Oh, hi – didn’t see you there … I am Sascha, nice to meet you. I just recently moved to Kiel to start working as a designer at Off The Beaten Track. Right now I’m assembling some game mechanics for our new game. Hard work. What kind of work that is, you ask? Well, I’m going to tell you … but first, let me show you, where all of this began.
Universal PaperclipsFavorite Game
You know, before I came here, I have been working at the university. After teaching and researching for almost a decade I felt the urge to create games in an industry setting again. Fortunately, Off The Beaten Track was looking for support in the game design department, so I can count myself lucky to be working with this awesome team now. But all of this started way earlier. Back in the 80s …
At the age of four I played my first videogame. Back then this was not a usual thing at all; the first years of my live I was growing up in the GDR and there where not that many home computers around. However, my brother and I were lucky, because our father was working at the university.
One weekend he brought a computer home from work (the famous Sinclair ZX Spectrum with the rubber keyboard) and us kids were allowed to play some games. The first game I can remember playing is Cyclone: You fly from island to island with a small pixely helicopter and save people from a natural disaster. My brother and I would take turns playing, while the rest of the family was watching, giving advice. I probably was not very good at flying and picking people up – the game was way to complex for four year old me – but that did not matter: Being able to manipulate what is happening on a TV screen by pushing buttons on a keyboard – that was magic. I was hooked on games.
After finishing school, I studied media and computer science at the smallest university in my federal state, Hochschule Harz in Wernigerode. I wanted to do everything: Taking pictures, making movies, creating 3D animations, websites, games, editing, composition, programming, special effects … I was so happy having found a course of study that made all that possible. Before finishing my Bachelor’s degree, I decided that I would like to work in interactive media and moved to Wiesbaden to work as a project manager at a company called BrainGame. An internship followed by a permanent position was my first job in games and I have fond memories of two enjoyable years with a great team working on educational games. Unfortunately, the company does not exist anymore – but you can still play the Perry Rhodan point & click adventure or the My Animal Hospital series.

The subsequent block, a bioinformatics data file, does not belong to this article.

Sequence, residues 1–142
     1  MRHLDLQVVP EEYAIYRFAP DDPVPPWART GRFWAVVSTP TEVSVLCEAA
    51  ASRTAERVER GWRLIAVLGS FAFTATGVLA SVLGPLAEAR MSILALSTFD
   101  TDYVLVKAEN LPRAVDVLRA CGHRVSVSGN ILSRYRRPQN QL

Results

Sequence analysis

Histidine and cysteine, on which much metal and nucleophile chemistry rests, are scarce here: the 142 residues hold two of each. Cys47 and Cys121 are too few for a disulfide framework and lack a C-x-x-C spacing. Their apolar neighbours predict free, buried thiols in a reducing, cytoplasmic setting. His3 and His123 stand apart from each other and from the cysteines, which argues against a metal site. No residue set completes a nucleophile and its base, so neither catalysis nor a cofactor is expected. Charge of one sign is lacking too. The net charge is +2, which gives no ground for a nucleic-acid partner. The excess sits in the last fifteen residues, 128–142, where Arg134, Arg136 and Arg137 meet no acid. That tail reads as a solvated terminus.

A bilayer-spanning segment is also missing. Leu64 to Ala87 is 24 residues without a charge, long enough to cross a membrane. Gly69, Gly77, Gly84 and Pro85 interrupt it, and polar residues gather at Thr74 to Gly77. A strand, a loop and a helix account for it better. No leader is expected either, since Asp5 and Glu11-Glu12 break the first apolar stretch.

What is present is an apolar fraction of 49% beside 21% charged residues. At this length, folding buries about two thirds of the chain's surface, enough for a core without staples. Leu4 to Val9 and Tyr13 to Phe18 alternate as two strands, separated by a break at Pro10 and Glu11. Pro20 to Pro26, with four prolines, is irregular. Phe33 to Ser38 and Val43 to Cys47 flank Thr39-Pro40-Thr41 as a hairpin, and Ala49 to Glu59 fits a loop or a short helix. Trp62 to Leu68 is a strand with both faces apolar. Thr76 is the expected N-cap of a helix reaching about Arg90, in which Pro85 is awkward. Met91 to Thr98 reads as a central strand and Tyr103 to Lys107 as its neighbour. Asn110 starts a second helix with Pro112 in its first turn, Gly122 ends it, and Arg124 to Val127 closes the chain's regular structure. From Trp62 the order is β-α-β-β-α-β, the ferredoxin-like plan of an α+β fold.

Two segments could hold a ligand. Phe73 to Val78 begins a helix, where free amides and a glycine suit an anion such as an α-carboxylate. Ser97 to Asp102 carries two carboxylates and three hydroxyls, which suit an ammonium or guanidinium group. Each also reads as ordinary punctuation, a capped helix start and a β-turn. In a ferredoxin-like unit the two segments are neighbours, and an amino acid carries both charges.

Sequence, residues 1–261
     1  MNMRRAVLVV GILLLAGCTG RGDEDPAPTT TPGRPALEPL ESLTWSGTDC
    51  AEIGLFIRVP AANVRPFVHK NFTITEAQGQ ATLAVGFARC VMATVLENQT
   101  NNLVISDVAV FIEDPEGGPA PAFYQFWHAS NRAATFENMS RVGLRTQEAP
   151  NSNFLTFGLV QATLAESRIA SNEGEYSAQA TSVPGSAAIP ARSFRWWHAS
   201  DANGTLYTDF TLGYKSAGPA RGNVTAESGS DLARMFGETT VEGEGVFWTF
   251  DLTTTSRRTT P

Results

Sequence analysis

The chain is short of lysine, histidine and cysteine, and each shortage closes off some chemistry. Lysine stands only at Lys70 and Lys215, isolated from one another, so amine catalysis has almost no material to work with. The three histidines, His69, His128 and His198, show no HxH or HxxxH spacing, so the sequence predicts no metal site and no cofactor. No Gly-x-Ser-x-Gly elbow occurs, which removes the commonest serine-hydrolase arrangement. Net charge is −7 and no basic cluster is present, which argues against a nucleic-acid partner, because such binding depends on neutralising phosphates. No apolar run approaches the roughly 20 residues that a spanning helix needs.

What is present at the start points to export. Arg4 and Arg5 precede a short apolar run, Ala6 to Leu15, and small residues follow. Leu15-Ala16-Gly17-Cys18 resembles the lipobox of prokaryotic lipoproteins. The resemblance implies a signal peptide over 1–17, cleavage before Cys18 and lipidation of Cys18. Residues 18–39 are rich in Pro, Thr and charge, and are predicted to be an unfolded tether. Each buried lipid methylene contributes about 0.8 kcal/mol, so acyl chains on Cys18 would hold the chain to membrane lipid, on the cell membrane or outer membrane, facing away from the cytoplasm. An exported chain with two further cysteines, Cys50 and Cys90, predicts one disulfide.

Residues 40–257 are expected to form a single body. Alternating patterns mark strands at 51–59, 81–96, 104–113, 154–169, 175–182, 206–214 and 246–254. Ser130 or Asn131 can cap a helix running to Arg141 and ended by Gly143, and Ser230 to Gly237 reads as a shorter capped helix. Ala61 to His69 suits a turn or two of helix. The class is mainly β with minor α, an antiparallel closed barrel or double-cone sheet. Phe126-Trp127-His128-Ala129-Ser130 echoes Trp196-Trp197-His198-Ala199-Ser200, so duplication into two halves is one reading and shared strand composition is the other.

After having worked for two years I realized that I wanted to focus more on studying interactive media and games, so I started to get a Master’s degree in Interaction Design. During that time I started teaching – first as an academic tutor and later as a lecturer at the University of Applied Sciences Magdeburg-Stendal. I also started working as a freelancer, beginning as a designer for a small design agency in Magdeburg and later continuing as a Flash programmer, developing interactive prototypes for the German appliances manufacturer Miele (with numadesign).
Making games was always something I enjoyed doing and game jams were one of the best opportunities to do it. The first game jam I took part in was Ludum Dare 26 in the year 2013. The theme was Minimalism and I made a short two-player Flash game, although I was jamming alone and wasn’t able to really playtest it for several weeks. Since then I have taken part in several game jams, including Train Jam 2019 – a game jam that takes place aboard a train from Chicago to San Francisco.